August 26, 2011
Hikes in RIte Care, RIte Share Premiums Criticized
The Providence Journal
Link to article
PROVIDENCE — Advocates for the poor and low-income families on Thursday said that a planned increase in the amount some families pay each month to participate in RIte Care and RIte Share, the state’s subsidized health-insurance programs, violates federal law.
They are requesting that the federal Centers for Medicare and Medicaid Services halt the change, which takes effect Oct. 1.
At a public hearing at the DaVinci Center, Linda Katz, policy director at the Poverty Institute, argued that state lawmakers violated the federal Patient Protection and Affordable Care Act — President Obama’s controversial national health-care reform legislation — when they included an increase in the monthly premiums for certain RIte Care and RIte Share families as part of the state budget.
Specifically, Katz says, the change violates the federal law’s “maintenance of effort” (MOE) provisions, which generally prevent states from imposing new premiums or increasing existing ones.
“To allow Rhode Island to implement dramatic increases in premiums would fly in the face of the purpose of the MOE provisions — to ensure that states continue to provide access to health coverage for low- and modest-income children and adults, pending full implementation of the [Affordable Care Act’s] coverage provisions,” Katz said.
Other local advocacy groups, including Rhode Island Kids Count, the Rhode Island Council of Community Mental Health Organizations and the Rhode Island Council of Churches, will join the Poverty Institute in calling for a stop to the premium hike, according to Katz.
State officials hosting the hearing said, through a spokesman, that the state has authority under Rhode Island’s so-called “global Medicaid waiver” agreement to enact the changes without federal approval.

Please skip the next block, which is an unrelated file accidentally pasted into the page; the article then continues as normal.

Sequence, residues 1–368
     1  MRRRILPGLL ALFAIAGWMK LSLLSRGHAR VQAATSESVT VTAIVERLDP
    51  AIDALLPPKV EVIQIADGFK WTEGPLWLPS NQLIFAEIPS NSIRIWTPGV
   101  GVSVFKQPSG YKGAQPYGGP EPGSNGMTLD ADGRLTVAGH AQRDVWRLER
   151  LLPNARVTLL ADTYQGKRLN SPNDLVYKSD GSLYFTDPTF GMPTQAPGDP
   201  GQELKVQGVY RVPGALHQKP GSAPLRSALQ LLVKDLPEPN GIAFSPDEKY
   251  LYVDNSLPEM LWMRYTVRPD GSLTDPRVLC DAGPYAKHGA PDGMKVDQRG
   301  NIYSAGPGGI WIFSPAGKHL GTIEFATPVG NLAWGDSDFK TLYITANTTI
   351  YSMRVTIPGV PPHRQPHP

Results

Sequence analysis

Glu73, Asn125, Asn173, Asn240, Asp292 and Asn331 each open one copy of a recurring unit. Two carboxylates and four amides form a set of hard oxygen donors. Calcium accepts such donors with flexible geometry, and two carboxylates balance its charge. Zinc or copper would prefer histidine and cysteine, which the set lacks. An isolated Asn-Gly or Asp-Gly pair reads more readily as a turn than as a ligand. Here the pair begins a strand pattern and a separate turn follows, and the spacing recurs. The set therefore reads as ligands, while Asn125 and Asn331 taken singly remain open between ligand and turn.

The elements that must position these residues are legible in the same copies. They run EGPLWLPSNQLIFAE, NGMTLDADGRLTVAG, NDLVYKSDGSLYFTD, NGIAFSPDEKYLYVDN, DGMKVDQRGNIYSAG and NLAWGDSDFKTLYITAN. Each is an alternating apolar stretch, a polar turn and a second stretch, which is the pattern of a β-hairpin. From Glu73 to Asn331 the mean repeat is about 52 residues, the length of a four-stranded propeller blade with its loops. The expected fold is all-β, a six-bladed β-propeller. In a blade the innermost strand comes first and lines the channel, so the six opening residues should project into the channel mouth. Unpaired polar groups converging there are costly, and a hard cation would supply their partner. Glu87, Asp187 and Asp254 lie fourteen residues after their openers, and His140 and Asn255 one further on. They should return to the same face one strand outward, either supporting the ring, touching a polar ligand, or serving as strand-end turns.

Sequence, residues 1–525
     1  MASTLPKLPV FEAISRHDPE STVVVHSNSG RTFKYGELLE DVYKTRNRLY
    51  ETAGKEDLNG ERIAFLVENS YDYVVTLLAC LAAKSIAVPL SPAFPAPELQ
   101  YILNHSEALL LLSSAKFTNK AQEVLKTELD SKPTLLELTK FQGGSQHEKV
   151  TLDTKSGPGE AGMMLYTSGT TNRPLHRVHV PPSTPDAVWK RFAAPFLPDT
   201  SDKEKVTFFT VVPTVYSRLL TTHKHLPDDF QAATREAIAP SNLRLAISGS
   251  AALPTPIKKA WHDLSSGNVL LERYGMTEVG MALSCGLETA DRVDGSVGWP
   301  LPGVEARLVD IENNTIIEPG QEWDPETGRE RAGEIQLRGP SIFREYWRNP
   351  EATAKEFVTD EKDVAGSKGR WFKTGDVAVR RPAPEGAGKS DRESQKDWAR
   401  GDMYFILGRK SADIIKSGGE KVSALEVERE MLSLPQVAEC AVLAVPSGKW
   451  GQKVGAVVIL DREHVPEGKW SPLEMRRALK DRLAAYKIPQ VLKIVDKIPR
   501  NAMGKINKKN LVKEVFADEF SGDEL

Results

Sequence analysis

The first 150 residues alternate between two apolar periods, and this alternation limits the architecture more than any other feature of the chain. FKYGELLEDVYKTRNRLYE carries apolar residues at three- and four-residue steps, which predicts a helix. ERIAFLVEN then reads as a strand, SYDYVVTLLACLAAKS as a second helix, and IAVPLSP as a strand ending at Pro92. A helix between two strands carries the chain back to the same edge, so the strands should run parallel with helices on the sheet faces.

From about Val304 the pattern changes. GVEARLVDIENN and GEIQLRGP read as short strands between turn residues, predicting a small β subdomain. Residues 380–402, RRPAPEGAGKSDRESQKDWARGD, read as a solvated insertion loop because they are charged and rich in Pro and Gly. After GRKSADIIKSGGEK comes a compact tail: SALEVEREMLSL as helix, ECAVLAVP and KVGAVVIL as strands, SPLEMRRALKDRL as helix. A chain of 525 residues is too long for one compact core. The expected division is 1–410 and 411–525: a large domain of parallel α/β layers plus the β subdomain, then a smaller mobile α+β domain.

That agreement, formally known as the “Global Consumer Choice Compact Waiver,” was negotiated in 2009 by then-Gov. Donald L. Carcieri and generally grants Rhode Island greater flexibility in designing its Medicaid program, in exchange for living under a $12-billion spending cap between 2009 and 2013.
Advocates at Thursday’s hearing, however, disagreed with officials. Katz said that while some exemptions exist to circumvent the federal law, none apply in this case.
Jill K. Beckwith, a policy analyst at RI Kids Count, argued that the state’s health-care premiums are already among the highest in the country. She said increasing them further would only put more families at risk of losing health-care coverage.
Beckwith said that under the current premium levels, about 200 children and 60 parents lose RIte Care or RIte Share coverage each month for failure to pay their premium.
“We urge the department to confirm with CMS whether these increases would be an MOE violation […] in order to avoid investing scarce resources in implementing a change that might not be allowable and which could cause coverage disruption for Rhode Islanders,” she said in a written statement.
The premium increase calls for families with an income between 150 percent and 185 percent of the poverty level to go from paying $61 a month to $91 a month. Families with incomes between 185 percent and 200 percent of the poverty level will see their premiums increase from $77 to $113. And families between 200 percent and 250 percent will see theirs increase from $92 to $122.
The changes would result in $670,000 in general revenue savings, but affect about 13,000 people on RIte Care or RIte Share, state officials have said. Families with an income less than 150 percent of the poverty level do not pay a monthly premium under either program.